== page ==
One of the defenses commonly asserted in an Erb’s Palsy medical malpractice case is the "natural forces of labor defense." The Appellate Division of the Supreme Court of New York recently ruled that a trial judge did not abuse his discretion by ruling that the defense could not be presented to the jury because "defendants failed to rebut plaintiff’s showing that [the] theory was not generally accepted within the relevant medical community" and that the theory "lacked an adequate foundation for its admissibility."
Mark Bower, guest blogger at the New York Personal Injury Law Blog, does an excellent job explaining the injury and the creation of a defense to it:
Erb’s Palsy is a neurological injury that is commonly the subject of birth trauma litigation. For over 100 years, it was generally accepted that Erb’s Palsy happens when a baby’s shoulder gets caught in the mother’s birth canal during delivery. If the delivering doctor pulls on the baby’s head in order to dislodge the stuck shoulder, the nerves running down from baby’s neck to the shoulder and arm (the “brachial plexus”) can be stretched or torn, resulting in a crippled arm. That the newborn has a non-functioning arm is usually recognized at the time of birth, or very shortly thereafter.
This mechanism causing Erb’s Palsy was so well-established, that the medical literature used to refer to it as “Obstetrical Brachial Plexus Palsy.” That is, until the medical community started to push back 20 or so years ago, and the waves of “tort reform” gathered momentum.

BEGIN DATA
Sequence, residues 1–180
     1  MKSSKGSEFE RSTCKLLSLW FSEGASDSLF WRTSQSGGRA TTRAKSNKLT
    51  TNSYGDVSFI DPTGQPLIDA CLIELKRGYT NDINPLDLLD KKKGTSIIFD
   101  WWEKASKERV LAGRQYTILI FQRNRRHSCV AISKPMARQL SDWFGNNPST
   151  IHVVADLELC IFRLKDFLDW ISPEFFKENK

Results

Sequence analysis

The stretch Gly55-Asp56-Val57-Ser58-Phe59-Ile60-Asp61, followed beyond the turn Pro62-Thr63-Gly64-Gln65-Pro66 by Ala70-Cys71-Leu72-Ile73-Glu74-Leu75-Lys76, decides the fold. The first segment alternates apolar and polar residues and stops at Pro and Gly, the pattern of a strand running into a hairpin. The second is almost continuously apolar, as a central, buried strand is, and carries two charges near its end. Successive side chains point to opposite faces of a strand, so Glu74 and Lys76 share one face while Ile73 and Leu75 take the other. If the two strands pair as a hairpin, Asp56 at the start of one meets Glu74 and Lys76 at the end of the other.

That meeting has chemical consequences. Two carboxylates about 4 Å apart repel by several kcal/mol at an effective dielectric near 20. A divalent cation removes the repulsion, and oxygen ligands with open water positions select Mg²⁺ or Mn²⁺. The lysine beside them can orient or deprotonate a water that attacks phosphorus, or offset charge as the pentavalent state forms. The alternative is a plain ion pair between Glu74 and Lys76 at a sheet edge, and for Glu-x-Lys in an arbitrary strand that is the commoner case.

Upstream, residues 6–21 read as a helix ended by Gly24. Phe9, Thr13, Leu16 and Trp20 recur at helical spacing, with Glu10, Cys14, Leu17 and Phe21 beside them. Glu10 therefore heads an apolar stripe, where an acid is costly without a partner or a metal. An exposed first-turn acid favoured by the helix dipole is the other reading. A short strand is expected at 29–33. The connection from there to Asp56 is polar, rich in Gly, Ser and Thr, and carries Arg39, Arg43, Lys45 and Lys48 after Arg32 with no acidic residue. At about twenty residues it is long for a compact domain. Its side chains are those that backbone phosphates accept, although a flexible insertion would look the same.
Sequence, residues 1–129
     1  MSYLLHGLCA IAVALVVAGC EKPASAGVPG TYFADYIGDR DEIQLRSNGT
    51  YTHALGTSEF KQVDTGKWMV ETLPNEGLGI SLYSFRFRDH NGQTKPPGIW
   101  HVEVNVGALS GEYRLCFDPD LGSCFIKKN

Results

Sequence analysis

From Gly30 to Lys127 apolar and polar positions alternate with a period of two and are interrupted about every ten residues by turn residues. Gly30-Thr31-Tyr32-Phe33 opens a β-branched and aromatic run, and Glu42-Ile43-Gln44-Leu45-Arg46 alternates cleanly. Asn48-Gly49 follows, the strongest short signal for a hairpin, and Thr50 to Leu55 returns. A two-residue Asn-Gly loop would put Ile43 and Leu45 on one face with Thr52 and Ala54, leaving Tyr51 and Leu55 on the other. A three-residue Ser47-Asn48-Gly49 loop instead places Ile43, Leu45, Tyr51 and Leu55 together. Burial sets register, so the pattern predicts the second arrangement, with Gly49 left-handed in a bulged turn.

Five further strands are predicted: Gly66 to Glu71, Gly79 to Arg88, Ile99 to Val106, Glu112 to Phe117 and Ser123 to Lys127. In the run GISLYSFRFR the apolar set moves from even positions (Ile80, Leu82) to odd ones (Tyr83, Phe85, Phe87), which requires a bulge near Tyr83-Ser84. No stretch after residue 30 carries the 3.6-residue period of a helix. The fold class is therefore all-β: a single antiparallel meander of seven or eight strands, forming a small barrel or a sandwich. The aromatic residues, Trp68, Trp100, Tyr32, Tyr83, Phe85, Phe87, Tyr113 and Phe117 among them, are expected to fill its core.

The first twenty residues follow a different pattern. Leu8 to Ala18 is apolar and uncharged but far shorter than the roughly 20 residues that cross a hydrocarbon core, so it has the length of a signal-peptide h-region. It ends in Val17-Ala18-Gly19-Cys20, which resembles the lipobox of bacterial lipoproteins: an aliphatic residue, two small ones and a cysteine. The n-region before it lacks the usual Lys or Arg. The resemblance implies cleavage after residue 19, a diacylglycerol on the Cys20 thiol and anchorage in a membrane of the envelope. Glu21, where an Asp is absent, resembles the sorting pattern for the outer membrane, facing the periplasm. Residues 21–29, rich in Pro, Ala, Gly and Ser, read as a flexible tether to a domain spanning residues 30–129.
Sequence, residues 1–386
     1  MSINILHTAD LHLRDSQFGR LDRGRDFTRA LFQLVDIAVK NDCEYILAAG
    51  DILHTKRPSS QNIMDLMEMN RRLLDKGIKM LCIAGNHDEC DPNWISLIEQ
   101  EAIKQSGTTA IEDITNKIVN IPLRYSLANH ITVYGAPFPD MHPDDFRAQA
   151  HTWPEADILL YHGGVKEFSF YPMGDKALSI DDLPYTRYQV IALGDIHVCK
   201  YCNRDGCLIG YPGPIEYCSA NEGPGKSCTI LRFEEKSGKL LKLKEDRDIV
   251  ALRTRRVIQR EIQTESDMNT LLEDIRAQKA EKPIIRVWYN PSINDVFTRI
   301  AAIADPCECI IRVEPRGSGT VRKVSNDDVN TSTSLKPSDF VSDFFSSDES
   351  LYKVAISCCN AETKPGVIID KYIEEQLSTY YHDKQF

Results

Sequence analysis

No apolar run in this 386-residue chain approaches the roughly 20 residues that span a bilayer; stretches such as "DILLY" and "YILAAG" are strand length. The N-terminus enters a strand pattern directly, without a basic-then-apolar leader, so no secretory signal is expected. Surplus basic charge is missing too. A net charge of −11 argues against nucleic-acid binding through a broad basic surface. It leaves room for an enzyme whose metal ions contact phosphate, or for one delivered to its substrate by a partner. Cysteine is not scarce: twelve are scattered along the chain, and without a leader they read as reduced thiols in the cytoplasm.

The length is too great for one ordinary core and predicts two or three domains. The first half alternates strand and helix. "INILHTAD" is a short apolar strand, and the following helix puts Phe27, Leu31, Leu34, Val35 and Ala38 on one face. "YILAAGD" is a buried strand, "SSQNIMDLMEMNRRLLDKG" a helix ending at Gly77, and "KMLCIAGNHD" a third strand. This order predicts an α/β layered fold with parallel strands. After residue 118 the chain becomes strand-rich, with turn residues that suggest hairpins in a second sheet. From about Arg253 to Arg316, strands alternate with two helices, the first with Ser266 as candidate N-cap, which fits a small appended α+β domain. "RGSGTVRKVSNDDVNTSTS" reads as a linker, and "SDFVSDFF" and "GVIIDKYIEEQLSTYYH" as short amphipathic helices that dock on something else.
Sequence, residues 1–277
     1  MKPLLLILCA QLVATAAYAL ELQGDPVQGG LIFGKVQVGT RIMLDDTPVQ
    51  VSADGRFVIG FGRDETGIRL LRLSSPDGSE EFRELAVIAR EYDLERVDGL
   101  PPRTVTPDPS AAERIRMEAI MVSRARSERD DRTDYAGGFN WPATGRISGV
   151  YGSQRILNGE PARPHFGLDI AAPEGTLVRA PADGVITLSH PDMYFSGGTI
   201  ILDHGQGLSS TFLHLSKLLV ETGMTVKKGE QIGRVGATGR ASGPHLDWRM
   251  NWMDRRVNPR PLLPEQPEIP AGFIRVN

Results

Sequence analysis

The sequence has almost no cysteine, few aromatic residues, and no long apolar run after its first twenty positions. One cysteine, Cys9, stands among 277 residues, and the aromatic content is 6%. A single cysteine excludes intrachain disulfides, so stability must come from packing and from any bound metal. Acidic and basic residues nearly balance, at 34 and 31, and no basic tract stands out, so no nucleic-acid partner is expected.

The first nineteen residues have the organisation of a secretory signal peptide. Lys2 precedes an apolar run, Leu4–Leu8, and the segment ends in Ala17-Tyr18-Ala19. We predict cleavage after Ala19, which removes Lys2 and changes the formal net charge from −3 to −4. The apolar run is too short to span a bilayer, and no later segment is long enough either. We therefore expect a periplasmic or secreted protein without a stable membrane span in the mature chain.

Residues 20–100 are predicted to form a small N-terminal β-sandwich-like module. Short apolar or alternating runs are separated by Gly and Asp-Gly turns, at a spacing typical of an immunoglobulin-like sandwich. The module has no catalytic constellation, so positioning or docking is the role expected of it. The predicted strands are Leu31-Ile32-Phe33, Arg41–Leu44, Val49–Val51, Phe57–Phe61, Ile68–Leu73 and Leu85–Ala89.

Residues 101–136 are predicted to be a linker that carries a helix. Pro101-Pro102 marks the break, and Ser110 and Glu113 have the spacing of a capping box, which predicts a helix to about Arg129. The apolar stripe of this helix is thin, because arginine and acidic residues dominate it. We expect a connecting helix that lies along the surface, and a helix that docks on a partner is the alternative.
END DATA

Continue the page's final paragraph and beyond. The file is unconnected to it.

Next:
A small cadre of obstetricians developed a new theory, that contrary to the conventional wisdom, Erb’s Palsy is not due to the delivering physician pulling on the baby’s head or neck after all. Instead, they theorized, it is due to the “natural forces of labor” somehow stretching the baby’s neck during childbirth, so the fault is Mother Nature’s, not obstetrical malpractice.
This new theory was happily embraced by the obstetrical community, as it deflects the blame for Erb’s palsy injuries away from obstetricians and midwives. The same handful of doctors who invented the theory, published it over and over, each one repeatedly citing the others as sources. And so, around and around it went, building a significant body of literature, but with no actual original research or studies validating the theory, other than its proponents continually reinforcing one another. And the same half dozen or so doctors flew around the country, testifying to this theory in the defense of Erb’s Palsy cases, and depriving injured infants of recovery.
This decision reminds Daubert and various state court decisions that require trial judges to exercise some level of "gatekeeper" function before permitting proposed expert testimony to find its way to the jury is a sword that cuts both ways. Plaintiff’s lawyers need to be on the lookout for and attack junk science offered by defendants, especially in medical negligence and products liability cases.
The New York opinion is Muhammad v. Fitzpatrick, CA 11- 01764 ( N.Y. App. Div. Jan. 31, 2012).
Hat tip to the New York Personal Injury Law Blog.